|The first excerpt represents the element of Air. It speaks of mental influences and the process of thought, and is drawn from A Modest Proposal by Jonathan Swift:
There is likewise another great advantage in my scheme, that it
will prevent those voluntary abortions, and that horrid practice
of women murdering their bastard children, alas! too frequent
among us, sacrificing the poor innocent babes, I doubt, more to
avoid the expence than the shame, which would move tears and pity
in the most savage and inhuman breast.
The number of souls in this kingdom being usually reckoned one
million and a half, of these I calculate there may be about two
hundred thousand couple whose wives are breeders; from which
number I subtract thirty thousand couple, who are able to
maintain their own children, (although I apprehend there cannot
A Modest Proposal
|The second excerpt represents the element of Fire. It speaks of emotional influences and base passions, and is drawn from Rasselas, Prince of Abyssinia by Samuel Johnson:
harmless. The evil of any pleasure that Nekayah can image is not
in the act itself but in its consequences. Pleasure in itself
harmless may become mischievous by endearing to us a state which we
know to be transient and probatory, and withdrawing our thoughts
from that of which every hour brings us nearer to the beginning,
and of which no length of time will bring us to the end.
Mortification is not virtuous in itself, nor has any other use but
that it disengages us from the allurements of sense. In the state
of future perfection to which we all aspire there will be pleasure
without danger and security without restraint."
The Princess was silent, and Rasselas, turning to the astronomer,
|The third excerpt represents the element of Water. It speaks of pure spiritual influences and feelings of love, and is drawn from The United States Constitution:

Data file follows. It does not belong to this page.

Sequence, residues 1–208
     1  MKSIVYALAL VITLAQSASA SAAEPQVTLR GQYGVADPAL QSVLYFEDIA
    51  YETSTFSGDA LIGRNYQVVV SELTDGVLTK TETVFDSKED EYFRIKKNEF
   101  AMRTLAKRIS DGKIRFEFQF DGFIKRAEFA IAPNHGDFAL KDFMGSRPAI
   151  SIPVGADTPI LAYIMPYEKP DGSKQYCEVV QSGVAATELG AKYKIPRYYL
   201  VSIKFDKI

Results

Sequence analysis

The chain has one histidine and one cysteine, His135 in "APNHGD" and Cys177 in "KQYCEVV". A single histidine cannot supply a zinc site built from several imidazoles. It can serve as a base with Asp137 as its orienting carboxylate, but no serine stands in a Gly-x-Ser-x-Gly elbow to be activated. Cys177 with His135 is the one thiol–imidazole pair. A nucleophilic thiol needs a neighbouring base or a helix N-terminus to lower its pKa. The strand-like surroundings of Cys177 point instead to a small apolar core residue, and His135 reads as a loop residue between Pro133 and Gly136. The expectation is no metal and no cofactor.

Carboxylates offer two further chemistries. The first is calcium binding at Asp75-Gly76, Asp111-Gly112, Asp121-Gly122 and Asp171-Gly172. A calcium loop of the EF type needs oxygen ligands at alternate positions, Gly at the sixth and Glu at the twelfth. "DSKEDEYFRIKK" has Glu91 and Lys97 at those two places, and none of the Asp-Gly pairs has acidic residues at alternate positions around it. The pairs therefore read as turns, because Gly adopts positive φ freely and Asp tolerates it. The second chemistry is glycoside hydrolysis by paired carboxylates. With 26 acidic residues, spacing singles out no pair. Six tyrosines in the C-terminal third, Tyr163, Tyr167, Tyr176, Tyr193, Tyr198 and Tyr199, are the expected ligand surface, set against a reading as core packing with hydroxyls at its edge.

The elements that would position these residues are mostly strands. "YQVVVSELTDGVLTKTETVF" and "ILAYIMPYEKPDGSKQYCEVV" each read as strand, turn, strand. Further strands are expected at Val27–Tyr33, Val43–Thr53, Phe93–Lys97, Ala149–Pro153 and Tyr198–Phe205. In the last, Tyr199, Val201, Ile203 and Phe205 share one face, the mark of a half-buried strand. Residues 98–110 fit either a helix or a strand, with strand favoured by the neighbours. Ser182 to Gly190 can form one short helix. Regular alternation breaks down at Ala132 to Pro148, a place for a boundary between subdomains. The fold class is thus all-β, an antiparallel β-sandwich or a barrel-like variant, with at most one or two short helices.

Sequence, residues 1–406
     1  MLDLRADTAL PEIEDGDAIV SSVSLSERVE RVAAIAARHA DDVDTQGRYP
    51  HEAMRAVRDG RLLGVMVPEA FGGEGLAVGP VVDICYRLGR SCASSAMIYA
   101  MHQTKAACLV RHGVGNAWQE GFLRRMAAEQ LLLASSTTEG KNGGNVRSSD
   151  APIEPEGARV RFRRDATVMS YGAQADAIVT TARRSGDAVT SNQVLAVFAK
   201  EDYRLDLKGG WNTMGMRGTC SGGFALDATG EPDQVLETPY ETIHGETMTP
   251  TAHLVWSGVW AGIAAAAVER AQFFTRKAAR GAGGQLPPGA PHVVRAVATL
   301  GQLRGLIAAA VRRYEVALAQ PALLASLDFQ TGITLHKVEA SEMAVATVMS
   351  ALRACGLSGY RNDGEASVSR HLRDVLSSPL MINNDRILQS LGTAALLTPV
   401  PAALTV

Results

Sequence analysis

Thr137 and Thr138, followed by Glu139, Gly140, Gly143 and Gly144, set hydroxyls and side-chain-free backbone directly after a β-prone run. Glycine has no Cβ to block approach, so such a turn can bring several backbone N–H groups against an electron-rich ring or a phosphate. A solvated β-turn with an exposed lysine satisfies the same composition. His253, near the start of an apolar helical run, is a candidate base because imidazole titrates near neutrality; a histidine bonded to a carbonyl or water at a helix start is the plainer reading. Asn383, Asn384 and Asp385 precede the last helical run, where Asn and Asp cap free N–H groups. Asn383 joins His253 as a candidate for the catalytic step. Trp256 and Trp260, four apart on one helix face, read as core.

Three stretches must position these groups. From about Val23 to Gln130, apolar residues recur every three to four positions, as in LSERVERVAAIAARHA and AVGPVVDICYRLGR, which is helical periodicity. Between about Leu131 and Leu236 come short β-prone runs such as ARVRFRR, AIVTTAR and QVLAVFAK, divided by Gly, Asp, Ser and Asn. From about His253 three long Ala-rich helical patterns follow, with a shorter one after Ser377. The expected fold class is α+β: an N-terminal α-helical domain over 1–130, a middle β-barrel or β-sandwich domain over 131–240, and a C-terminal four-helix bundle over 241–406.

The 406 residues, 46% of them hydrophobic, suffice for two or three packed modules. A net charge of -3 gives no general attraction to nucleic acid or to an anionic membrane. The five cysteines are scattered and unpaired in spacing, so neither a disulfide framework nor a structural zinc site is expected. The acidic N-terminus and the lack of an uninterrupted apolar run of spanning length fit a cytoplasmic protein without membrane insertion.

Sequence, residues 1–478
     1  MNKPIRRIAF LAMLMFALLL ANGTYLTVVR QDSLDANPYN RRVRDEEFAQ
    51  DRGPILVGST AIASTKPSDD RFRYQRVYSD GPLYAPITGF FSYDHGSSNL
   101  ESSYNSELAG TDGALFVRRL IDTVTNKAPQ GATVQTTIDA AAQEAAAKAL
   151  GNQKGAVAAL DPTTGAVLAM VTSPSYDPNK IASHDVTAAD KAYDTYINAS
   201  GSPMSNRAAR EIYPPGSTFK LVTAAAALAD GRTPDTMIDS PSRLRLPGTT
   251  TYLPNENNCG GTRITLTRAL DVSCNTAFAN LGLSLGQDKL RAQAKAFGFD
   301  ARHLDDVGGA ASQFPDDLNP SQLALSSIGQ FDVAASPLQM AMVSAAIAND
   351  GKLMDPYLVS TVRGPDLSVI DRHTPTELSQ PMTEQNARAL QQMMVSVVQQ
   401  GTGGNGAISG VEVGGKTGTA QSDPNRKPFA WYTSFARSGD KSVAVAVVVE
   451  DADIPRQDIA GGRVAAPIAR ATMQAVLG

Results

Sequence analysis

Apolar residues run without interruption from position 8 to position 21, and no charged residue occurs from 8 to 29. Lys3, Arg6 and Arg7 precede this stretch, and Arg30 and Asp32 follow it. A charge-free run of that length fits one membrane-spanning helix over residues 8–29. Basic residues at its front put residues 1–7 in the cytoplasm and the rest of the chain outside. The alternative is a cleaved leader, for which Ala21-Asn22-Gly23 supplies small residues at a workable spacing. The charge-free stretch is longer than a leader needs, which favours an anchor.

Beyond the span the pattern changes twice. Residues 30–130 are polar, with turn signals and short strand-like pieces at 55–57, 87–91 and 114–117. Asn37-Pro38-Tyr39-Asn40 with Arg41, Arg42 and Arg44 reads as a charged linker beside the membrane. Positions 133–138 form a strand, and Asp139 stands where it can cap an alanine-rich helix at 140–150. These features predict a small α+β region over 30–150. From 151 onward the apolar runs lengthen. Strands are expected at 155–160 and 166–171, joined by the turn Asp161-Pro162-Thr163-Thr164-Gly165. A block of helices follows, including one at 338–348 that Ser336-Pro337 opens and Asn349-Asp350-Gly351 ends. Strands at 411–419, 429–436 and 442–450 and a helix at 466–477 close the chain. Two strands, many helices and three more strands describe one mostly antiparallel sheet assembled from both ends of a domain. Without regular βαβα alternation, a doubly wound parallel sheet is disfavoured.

Agreement or Compact with another State, or with a foreign Power, or
engage in War, unless actually invaded, or in such imminent Danger
as will not admit of delay.
Section 1. The executive Power shall be vested in a President
of the United States of America. He shall hold his Office during
the Term of four Years, and, together with the Vice President
chosen for the same Term, be elected, as follows:
Each State shall appoint, in such Manner as the Legislature thereof may direct,
a Number of Electors, equal to the whole Number of Senators and Representatives
to which the State may be entitled in the Congress: but no Senator or
The United States Constitution
|The fourth excerpt represents the element of Earth. It speaks of physical influences and the impact of the unseen on the visible world, and is drawn from My Antonia by Willa Cather:
I'm reconciled to her being away from me now, but at first I
cried like I was putting her into her coffin.'
We were alone in the kitchen, except for Anna, who was pouring
cream into the churn. She looked up at me. `Yes, she did.
We were just ashamed of mother. She went round crying,
when Martha was so happy, and the rest of us were all glad.
Joe certainly was patient with you, mother.'
Antonia nodded and smiled at herself. `I know it was silly,
but I couldn't help it. I wanted her right here.
She'd never been away from me a night since she was born.
If Anton had made trouble about her when she was a baby, or wanted